|[ LiB ]|
I hope I didn't bore you to death with all the mundane details about entities, their databases, and their accessor classes. I know you must be impatient to get to the real meat of the BetterMUD, so that you can start making your own cool MUD, instead of dealing with all this low-level management. Don't worry, it gets more interesting after this.
In the next chapter, I start getting into the interesting stuff, such as the basics of the scripting engine and how to abstract the logic and the data of the game away from each other.
In this chapter, you learned to make your life easier by combining many little "mixin" classes to form larger classes that share bits and pieces of functionality. The same concept was applied toward all the databases, and macros were used for the same purpose when dealing with the accessor classes.
In the introduction of the book, I told you about the different layers of MUDs, and how you can hard-code certain parts of a virtual world and leave other parts flexible. As you can see from this chapter, the physical layer of the world is entirely hard-coded, and it is very difficult to change (in terms of downtime of the MUD, that is). That's just one of the things you have to deal with when programming in a static language such as C++.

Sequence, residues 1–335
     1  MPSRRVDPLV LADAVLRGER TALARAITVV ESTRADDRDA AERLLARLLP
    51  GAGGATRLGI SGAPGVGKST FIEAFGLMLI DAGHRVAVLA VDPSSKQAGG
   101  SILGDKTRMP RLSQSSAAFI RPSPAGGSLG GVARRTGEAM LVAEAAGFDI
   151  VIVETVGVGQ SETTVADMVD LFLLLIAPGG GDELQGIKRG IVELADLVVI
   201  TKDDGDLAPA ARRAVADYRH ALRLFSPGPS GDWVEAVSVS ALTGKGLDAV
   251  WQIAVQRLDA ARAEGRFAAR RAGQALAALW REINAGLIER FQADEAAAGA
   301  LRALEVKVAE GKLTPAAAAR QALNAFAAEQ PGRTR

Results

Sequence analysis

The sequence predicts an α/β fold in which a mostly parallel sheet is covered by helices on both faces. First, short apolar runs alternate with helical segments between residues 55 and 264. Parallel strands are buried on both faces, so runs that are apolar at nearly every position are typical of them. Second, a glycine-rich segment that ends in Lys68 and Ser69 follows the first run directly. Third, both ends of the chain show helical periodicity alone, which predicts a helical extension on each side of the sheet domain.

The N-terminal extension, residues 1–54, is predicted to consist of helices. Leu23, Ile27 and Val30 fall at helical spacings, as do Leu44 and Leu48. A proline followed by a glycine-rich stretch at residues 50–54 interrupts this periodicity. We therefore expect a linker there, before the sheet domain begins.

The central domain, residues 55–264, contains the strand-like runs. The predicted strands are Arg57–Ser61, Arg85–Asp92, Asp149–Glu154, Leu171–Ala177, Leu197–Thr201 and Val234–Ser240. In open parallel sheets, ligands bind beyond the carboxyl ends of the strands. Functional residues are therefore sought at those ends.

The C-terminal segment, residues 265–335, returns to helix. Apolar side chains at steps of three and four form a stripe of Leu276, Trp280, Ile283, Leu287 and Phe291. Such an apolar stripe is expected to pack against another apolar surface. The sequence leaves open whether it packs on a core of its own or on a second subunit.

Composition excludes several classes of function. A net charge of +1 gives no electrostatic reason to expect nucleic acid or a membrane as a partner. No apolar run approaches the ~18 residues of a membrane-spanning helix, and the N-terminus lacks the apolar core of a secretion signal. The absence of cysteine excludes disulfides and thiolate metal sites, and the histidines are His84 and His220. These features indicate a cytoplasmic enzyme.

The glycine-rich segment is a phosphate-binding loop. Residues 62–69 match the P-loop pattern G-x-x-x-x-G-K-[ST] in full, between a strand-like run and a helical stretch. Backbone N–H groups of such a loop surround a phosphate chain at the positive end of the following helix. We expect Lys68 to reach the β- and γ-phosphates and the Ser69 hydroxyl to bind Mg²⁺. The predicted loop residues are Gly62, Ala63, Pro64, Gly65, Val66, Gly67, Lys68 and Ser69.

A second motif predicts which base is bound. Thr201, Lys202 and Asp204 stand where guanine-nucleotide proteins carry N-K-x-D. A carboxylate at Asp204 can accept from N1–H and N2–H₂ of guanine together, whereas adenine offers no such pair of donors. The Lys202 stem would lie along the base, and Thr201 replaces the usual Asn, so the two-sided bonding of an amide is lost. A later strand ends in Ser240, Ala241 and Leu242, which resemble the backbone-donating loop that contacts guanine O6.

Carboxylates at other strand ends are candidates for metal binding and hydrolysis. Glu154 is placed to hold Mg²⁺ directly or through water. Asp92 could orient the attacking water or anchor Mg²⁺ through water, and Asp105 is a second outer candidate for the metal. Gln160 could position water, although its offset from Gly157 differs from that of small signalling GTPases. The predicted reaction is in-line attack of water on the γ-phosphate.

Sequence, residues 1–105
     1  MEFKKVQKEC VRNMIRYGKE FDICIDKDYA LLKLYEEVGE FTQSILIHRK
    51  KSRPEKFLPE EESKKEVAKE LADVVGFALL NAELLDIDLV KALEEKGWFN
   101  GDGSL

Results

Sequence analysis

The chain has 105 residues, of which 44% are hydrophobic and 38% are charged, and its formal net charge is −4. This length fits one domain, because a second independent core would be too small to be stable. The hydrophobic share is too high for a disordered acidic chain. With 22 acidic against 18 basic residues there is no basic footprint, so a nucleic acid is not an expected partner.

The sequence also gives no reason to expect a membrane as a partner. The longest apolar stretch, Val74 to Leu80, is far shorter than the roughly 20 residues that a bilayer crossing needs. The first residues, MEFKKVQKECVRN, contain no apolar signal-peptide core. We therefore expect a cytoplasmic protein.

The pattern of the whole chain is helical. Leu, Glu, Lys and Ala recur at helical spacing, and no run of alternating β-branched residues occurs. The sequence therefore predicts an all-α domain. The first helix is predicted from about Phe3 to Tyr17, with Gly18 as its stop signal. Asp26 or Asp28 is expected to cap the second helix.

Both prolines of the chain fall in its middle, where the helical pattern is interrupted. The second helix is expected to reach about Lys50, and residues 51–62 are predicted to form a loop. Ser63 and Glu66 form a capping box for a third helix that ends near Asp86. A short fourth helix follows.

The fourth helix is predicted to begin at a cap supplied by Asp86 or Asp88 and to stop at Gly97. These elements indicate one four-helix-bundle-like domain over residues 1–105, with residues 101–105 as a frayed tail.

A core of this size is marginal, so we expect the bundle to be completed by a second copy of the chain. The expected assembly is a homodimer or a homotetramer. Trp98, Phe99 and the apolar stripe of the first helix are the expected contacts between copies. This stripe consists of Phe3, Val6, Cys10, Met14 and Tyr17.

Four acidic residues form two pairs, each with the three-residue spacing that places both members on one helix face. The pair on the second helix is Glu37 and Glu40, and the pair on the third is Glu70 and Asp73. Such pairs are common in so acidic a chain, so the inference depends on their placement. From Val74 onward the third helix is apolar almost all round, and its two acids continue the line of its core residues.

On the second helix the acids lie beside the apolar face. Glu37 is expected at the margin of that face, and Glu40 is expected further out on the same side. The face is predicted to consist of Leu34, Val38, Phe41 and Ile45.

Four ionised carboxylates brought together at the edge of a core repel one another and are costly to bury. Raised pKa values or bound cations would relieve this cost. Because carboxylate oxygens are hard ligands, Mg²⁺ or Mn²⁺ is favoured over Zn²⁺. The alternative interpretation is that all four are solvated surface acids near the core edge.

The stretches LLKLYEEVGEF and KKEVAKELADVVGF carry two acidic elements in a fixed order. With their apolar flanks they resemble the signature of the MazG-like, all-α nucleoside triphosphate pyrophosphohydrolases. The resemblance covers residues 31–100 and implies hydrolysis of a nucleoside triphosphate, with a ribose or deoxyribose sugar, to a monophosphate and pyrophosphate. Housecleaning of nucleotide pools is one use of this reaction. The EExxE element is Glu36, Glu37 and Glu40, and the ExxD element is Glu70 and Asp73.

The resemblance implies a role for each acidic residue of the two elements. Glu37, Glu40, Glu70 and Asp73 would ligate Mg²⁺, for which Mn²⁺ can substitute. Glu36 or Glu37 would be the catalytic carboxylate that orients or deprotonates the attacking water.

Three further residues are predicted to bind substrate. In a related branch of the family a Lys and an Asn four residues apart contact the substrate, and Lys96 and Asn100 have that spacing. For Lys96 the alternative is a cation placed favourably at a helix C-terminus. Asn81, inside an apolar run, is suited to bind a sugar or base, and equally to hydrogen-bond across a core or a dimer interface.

I want you to start thinking about the future of your MUD projects, however, and think about possibly implementing a dynamic physics system of your own. One thing that I've learned from using C++ is that when you build a static physical world like this, you need to be sure to include data and functions for everything you might need, whereas, as you'll see with the dynamic logic part of the game, you can simply add features whenever you like.
Off to logic!
|[ LiB ]|